Your HVAC filter should be replaced at minimum of twice a year but check it regularly to ensure optimal efficiency and prevent circulation of air born allergens. Homeowners with pets may need to change it more frequently. In addition, if you are remodeling your home air born particle from drywall or sanding will require frequent monitoring for air filter replacement as particle will clog your filter and reduce airflow to your system.
Restore Power to the Home
While the task listed above will extend the life of your unit and keep it running at optimal efficiency, there are maintenance task only a licensed HVAC technician can perform. Refrigerant leaks can lead to compressor failure that require tools and the skills of a professional. In addition, clean ducts and proper airflow are crucial to a well-operating system. While these tips can help you maintain your HVAC system, having an experience contractor service your system twice a year can help avoid HVAC system failure and costly repair. HVAC technicians are specially trained to spot impending problems before they become expensive repairs and make efficiency adjustments with trade specific tools.
If the AC Maintenance tasks mentioned above are above your skill or comfort level, call the Lake Charles AC Repair Guys at Accurate Air and Heat. Accurate Air maintenance visits are cost effective solutions to reducing your utility bills and optimizing your HVAC system for efficiency.
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Do it Yourself AC Maintenance - Lake Charles AC Repair Company
If you need a new air conditioning unit, there are a few numbers and acronyms you will want to become familiar with. We commonly come across the question, “what is a SEER rating,” and is it important.
When your AC has met the end of its useful life, you will probably need to bone up on Department of Energy minimum efficiency requirements to understand shopping and comparing new HVAC units.
HVAC systems are big-ticket items, so you are smart to investigate pertinent ratings before investing in a new air conditioning unit.
SEER is an acronym for Seasonal Energy Efficiency Ratio and concerns how much energy an HVAC system uses over the course of a year. The DOE, US Dept. of Energy, has set a minimum efficiency rating for all new HVAC systems installed in the US by zone.
SEER is the measurement used to determine that efficiency. The higher the SEER number, the more efficient the unit should be, and theoretically, how much you can save on your utility bills.
The SEER rating range is typically somewhere between 14 (the DOE minimum requirement for Louisiana in 2022) and 27, so any new HVAC system you purchase will probably have a higher efficiency rating than the 15+-year-old unit you are replacing. In addition, the SEER rating also allows homeowners to compare one HVAC system against others.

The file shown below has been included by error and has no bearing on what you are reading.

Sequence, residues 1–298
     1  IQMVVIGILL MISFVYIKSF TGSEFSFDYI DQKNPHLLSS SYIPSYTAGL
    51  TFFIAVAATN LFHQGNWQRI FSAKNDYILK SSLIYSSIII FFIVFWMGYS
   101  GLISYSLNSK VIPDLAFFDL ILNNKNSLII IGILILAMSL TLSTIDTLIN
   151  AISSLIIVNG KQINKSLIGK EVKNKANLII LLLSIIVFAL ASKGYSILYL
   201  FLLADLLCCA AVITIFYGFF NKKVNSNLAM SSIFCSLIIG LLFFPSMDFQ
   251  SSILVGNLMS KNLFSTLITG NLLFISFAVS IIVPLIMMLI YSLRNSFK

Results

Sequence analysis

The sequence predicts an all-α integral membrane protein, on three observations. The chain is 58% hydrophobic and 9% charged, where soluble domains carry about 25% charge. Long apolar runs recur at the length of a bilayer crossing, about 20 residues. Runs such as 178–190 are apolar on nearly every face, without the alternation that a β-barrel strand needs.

SEER in practical terms – The amount you can save on utility bills varies greatly and is dependent on the size of your home or business, how well your structure is insulated, how much you pay per kilowatt-hour, your replacement unit SEER rating, and your current utility bills.
Savings can be estimated using a SEER calculator (free tools are available online), or by downloading the SEER spreadsheet calculator from Energy.gov.
Determining a SEER Rating
The SEER rating is determined by calculating an HVAC unit’s average performance over the course of a year, including, the amount of cooling and heating your system contributes per units of energy used. Still, it boils down to the less energy used to cool or heat your home, the higher the SEER rating will be.
Locate the BTUs (British Thermal Unit) of your HVAC, typically found on the air conditioning unit or in the owner’s manual.
Locate the watts per hour used for your HVAC system, also found either on the unit or in the owner’s manual.
Now calculate the BTUs used over the course of the year, for example purposes let’s just round it to 1,000 hours. Now multiply the BTUs from step one by 1,000 to get the number of BTUs used over the course of a year.
Now calculate the number of watts per hours used over the course of a year by multiplying watts per hours from step 2 by 1,000.
Now divide the BTUs used (derived from step 3) by the number of watts-hours consumed (derived from step 4) to arrive at the SEER rating.
Higher efficiency usually comes at a higher price. The technology that goes into producing higher SEER ratings increases the cost of the unit; you will want to weigh the upfront cost-to-advantage ratio when choosing a new ac unit, a professional HVAC contractor’s experience and knowledge can be valuable when making this decision. If you have your sights set on a specific brand, don’t worry, most manufacturers have a range of systems with minimum to high-efficiency options available to meet their client's needs and budget.
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What is a SEER rating, choosing a new HVAC unit, ac repair - Lake Charles LA